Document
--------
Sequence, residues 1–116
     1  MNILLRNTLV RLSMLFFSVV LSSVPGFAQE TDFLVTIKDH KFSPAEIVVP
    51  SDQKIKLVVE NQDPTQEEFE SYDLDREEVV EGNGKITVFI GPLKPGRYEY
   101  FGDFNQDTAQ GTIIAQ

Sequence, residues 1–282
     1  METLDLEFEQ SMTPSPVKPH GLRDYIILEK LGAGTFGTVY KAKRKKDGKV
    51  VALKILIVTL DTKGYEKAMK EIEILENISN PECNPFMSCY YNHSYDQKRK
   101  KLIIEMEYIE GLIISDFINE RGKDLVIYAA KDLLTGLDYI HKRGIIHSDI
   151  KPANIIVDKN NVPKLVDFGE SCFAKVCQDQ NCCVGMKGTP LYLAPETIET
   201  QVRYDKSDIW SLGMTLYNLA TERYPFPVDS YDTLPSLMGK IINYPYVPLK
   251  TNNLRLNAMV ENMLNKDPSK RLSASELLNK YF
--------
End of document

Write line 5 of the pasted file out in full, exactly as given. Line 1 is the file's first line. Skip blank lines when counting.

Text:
Sequence, residues 1–282